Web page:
Workers in high-risk industries will be asked to participate in a new Surveillance Testing Program as part of our defences against new coronavirus outbreaks, as we continue to take steps on the roadmap to reopening.
As case numbers decrease, the number of symptomatic tests will also decrease. Victoria is currently averaging approximately 12,000-15,000 tests on weekdays and 7,000-8,000 tests on weekend days. But as we take our safe and steady steps to reopening, finding and tracking cases of the virus is more important than ever.
That’s why we are doing even more to monitor sensitive settings – looking for positive cases before there’s any obvious sign of them – through a new surveillance program that aims to test 25 per cent of staff in a high-risk workplace each week.
Frontline industries have been critical in keeping Victoria going during the pandemic – they have kept our supermarket shelves stocked, our abattoirs working and delivering essential goods. Beginning with the food production sector, the Government will work with industry to ensure employees can get tested on a regular basis.
All medium and large employers in the meat, poultry, seafood processing and supermarket and refrigerated distribution sectors will be asked to ensure that a quarter of their workforces are tested each week. This applies to all workers operating from their work premises – and will lead to the majority of a workforce being tested over the course of a month.
Employees from high-risk industries can receive testing at one of our 200 testing sites from tomorrow, enabling workplaces to commence implementation over the next week. This includes community health respiratory clinics, hospital respiratory clinics and drive through testing facilities. The Rapid Response Testing Team will be able to undertake tests on site for remote and rural businesses by appointment.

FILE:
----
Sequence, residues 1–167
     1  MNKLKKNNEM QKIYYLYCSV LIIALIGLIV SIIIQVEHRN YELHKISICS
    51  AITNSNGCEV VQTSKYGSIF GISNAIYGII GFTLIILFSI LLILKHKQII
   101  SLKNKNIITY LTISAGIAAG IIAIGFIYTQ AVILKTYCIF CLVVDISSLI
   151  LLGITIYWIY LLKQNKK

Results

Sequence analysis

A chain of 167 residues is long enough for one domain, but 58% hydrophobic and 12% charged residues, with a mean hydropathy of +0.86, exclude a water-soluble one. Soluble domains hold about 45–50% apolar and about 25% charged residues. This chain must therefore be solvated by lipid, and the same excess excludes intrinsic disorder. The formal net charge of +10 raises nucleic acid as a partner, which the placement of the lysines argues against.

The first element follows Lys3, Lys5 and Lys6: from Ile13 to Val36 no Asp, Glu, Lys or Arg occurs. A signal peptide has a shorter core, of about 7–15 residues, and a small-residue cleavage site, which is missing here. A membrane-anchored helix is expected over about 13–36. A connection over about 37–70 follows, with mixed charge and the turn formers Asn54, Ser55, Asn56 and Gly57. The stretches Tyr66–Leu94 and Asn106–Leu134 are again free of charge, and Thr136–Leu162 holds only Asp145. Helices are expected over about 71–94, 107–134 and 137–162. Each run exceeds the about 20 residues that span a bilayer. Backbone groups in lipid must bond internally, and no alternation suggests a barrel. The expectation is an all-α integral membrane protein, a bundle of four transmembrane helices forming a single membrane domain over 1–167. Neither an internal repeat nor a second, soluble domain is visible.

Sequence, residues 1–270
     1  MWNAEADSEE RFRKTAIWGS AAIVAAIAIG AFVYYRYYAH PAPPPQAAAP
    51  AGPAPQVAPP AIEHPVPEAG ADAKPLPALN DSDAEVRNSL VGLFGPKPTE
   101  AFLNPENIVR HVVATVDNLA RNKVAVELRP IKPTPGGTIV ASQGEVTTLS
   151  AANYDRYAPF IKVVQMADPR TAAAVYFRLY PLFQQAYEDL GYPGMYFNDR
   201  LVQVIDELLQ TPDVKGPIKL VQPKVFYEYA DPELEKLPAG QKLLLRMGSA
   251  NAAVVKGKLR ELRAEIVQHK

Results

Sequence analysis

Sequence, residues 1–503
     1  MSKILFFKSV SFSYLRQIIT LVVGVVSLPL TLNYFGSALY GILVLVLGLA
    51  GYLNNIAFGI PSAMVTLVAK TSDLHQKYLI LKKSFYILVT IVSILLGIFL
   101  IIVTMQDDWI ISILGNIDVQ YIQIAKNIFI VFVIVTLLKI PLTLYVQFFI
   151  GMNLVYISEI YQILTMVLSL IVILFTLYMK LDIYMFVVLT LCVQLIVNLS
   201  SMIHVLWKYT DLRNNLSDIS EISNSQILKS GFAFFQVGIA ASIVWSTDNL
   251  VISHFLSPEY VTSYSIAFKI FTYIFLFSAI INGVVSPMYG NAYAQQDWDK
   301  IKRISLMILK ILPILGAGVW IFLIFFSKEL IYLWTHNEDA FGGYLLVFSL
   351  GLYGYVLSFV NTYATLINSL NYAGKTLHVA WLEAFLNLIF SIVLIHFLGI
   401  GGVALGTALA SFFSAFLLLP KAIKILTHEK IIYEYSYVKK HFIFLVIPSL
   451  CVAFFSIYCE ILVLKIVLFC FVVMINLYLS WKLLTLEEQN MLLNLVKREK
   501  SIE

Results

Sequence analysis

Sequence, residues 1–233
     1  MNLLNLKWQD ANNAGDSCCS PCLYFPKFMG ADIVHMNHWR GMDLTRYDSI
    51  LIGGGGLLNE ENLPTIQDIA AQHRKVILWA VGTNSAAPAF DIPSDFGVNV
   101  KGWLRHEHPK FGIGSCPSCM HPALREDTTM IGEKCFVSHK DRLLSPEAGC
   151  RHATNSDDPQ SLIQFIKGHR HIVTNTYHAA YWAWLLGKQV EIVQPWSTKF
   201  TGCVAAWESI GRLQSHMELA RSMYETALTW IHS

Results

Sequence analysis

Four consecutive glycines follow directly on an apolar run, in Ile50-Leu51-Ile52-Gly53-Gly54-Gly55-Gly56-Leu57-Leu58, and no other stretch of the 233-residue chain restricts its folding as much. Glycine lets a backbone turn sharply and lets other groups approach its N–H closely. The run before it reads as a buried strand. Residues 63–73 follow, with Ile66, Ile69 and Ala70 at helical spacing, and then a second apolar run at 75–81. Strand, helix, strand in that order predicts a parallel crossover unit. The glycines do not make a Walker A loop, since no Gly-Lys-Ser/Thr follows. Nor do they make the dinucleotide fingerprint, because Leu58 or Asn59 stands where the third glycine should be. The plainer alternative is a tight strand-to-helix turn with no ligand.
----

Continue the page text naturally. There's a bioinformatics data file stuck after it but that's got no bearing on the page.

After participating in the Surveillance Testing Program, employees are not required to self-isolate – however if they receive a positive result, they will need to isolate immediately and seek medical advice. Public Health teams will then support the workplace to determine any deep cleaning requirements, and to undergo contact tracing.
The Government will work with food supply industries over the coming days to establish testing requirements as the program expands over the coming weeks. The proportion of a workforce to be tested each week will be continually reviewed and will reflect the level of risk of virus transmission across our community and workplaces.
Another part of our virus detection work, wastewater testing, has detected viral fragments of coronavirus in wastewater taken from the sewer network at Anglesea yesterday.
While the preliminary result may not mean there are active cases of coronavirus in the Anglesea community, a testing blitz has commenced today, with locals with even the mildest symptoms encouraged to get tested and isolate as they wait for their result.
The positive trace of coronavirus was detected in a preliminary test result and then confirmed on Tuesday 29 September in a sample collected from the entry to a wastewater treatment plant on Tuesday 22 September.
The test result may be a result of someone with coronavirus infection who hasn’t been detected through testing. It could also be because someone who has previously been infected is continuing to “shed” the virus.
A pop-up testing site has been established at Anglesea Town Hall, 1B McMillan Street. It will be open from 11am to 6pm on Wednesday 30 September and from 10am to 6pm every day until Sunday.
Wastewater samples are taken from more than 30 sites across Victoria including Anglesea, which is one of 11 Barwon Water locations in Surf Coast, Colac-Otway and Greater Geelong.
Samples are also taken from regional wastewater treatment plants at Ararat, Ballarat, Benalla, Bendigo, Mildura, Moe, Shepparton, Swan Hill, Traralgon, Wangaratta, Warragul, Wodonga and Wonthaggi. Sampling will commence at Castlemaine from next week.
As stated by Premier Daniel Andrews
“As we take steps towards COVID Normal, our greatest tool to stop us going backwards is getting tested – our surveillance program will make sure we are leaving no stone unturned in tracking the virus.”
“By expanding the testing options – we are giving industry the tools they need to reopen as safely as possible.”